Reflecting on 10 years at City National Bank

Ten years seems like a long time… and in many ways it is, but the last ten years also have flown by quicker than expected.  I started at City National Bank ten years ago this month as a Finance Manager supporting the Banking Services Division.  It was a good change for me after spending the previous several years on the sales’ side of banking and investments.

City National Bank

Newbies on the team

The centralization of our group from the lines-of-business was a new path, considering that our teams used to report directly to the Executives we supported.  By centralizing our team of Finance Managers, we were better able to share best practices and standardize most of our reporting.

Three of the six people on the team were hired within two months of each other, with a fourth person hired about seven months later.  Despite our differences in age and background, we all became fast friends and learned to support each other as we learned the systems and politics of a new role.

An education in the back office

When I started with the bank, I was supported the majority of the back-office operational units of the bank.  The areas I worked with were as diverse as cash vault, check processing, funds transfer, investment operations, operations risk management, CRA, international, the loan center, cash management, and information systems.

I learned so much about how a bank runs, that most consumers (and even most bank salespeople) haven’t the foggiest idea about.  Many great relationships were formed during this time, which has contributed to future success.  By having a better working knowledge about how the bank runs, and having the ability to easily reach out to past colleagues for answers, this enabled me to find solutions to many of the challenges I would face when supporting the colleagues yet to come.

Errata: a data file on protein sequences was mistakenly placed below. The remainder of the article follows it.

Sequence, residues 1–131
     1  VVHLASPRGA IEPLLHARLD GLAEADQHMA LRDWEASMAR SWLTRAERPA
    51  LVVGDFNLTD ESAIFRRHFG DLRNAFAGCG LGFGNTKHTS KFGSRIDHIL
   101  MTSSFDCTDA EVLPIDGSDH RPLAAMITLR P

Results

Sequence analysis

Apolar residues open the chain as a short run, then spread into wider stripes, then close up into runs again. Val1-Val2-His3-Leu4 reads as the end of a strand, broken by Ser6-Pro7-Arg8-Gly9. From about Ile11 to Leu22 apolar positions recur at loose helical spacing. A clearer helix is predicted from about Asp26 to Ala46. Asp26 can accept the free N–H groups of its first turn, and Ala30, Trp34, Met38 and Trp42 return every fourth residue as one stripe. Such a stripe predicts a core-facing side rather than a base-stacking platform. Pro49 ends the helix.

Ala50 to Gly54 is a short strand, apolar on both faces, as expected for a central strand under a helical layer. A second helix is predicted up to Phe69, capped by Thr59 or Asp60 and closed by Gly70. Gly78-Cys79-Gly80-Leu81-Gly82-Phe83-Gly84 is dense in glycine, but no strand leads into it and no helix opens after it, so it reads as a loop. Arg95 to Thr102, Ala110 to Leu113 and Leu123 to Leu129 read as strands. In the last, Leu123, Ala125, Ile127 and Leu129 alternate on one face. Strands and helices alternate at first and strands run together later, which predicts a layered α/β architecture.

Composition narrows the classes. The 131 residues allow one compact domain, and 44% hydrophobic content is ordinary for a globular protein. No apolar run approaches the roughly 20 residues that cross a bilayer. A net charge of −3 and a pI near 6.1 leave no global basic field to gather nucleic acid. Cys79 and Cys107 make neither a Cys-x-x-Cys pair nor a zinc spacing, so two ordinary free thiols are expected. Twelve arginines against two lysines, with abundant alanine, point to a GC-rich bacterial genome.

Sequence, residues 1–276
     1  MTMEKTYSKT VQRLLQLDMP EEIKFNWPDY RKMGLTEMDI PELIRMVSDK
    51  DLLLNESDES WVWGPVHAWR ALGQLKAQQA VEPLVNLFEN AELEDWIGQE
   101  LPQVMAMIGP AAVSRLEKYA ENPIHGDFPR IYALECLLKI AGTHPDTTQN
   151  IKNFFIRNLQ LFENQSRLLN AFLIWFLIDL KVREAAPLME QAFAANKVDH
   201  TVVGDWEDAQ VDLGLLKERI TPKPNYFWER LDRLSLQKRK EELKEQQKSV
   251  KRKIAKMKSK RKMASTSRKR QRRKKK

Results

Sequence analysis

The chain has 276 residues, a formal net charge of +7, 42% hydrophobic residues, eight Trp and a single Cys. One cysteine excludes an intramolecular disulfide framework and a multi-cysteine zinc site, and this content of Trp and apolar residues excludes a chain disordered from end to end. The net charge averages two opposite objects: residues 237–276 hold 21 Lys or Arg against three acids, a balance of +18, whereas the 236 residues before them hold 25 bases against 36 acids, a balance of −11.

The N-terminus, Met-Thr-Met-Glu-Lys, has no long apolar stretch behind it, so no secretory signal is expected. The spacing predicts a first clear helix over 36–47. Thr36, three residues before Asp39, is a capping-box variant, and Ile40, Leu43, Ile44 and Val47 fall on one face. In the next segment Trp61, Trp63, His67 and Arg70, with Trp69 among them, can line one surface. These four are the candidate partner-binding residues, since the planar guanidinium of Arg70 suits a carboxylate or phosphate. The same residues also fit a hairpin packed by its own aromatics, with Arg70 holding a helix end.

Where the money is made

After a couple of years supporting the back office, I was promoted to support a couple of the most important divisions within the bank.  These were high-profile divisions, with the added complexity of a balance sheet (loans, deposits, wealth management) and revenue (interest and fee-based income streams) that were not a part of the everyday life supporting the back office.

I have been working with the sales’ LOBs since 2007, supporting such diverse business concepts as Entertainment, Real Estate, Core (branch) Banking, Corporate Finance, Municipal Finance, Franchise Finance, and many more.  Each business line is a valuable contributor to the bank’s overall success and a great way to serve even more members of our local communities.

It has been interesting to learn the nuances of each of these areas of our business.  I’m glad to have been able to contribute my share of effort to the overall success we’ve experienced… whether that be expanding into new regions, opening new offices, adding new teams, acquiring like-minded companies, or growing organically through our daily efforts to meet the needs of our clients.

The last 10 and the next 10

Over the past 10 years, City National Bank has grown by leaps and bounds, which is evident in our geographic reach, the number of offices we have, the size of our portfolio, and the increase in our stock price.

Royal Bank of Canada

In January 2015, it was announced that we are merging with Royal Bank of Canada.  Whenever most people hear that their smaller company is merging into much larger one, a certain feeling of panic if normal.

However, there is very little overlap among our organizations, so most of us feel that our jobs are secure.  It has been said that, if we are in fear for our job, we should step out our door and look left and right down the street to see if there’s an RBC office nearby.  In almost every instance, the answer is no.

This is certainly a play for expansion of the quality and depth of service we provide our clients, rather than the normal industry consolidation and focus on “synergies” expected through elimination of duplicate offices & colleagues that executives often speak about when being interviewed on MSNBC when justifying an often inflated acquisition price.

I look forward to meeting our new RBC colleagues and seeing where this new chapter takes us.  Considering that RBC’s HQ is in Canada and that CNB is now a cog in a much bigger machine, there should be plenty of opportunity for growth, both locally and abroad — for the bank and our careers.

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